REM holds a basket of Real Estate Investment Trusts (REITs) that concentrate on the beleaguered mortgage industry. Typically, these companies invest in distressed debt, buying up sour mortgages for pennies on the dollar.
Sometimes it works out, and sometimes it doesn’t.
With a yield over 10%, REM has drawn considerable interest this year, and its near-term price performance looks pretty good until you look at a longer-term chart. Over the past ten years, REM has lost 78.5% of its value, which more than wipes out its massive yield.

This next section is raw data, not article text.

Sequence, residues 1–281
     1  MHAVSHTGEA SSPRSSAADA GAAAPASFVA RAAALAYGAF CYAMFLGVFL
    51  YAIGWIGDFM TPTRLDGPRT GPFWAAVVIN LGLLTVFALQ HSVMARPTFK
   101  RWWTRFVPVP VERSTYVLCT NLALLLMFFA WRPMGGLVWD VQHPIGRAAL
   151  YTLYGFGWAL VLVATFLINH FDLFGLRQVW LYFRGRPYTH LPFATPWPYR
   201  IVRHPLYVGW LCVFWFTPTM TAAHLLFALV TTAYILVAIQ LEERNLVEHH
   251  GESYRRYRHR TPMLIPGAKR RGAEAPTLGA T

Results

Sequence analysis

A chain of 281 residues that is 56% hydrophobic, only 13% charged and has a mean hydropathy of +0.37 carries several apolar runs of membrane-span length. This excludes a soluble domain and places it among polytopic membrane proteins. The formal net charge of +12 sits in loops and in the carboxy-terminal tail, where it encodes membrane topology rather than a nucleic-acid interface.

Looking under the hood, REM is heavily weighted toward high-yield mortgage REITs like Annaly Capital (18%), American Capital (10%), and Starwood Property Trust (8.5%). These companies are highly sensitive to interest rate fluctuations, and a rise in rates could completely erode their profits. That’s because they count on the spread between the money they borrow to purchase mortgage-backed securities and the yield these securities offer.
REM’s expense ratio of 0.48% is reasonable, especially considering its yield. But its high-risk nature makes the fund only suitable for investors who can handle the potential for substantial losses.
REM closed at $10.76 per share on Wednesday, down $0.05 (-0.46%). Year-to-date, the ETF has gained 12.55%.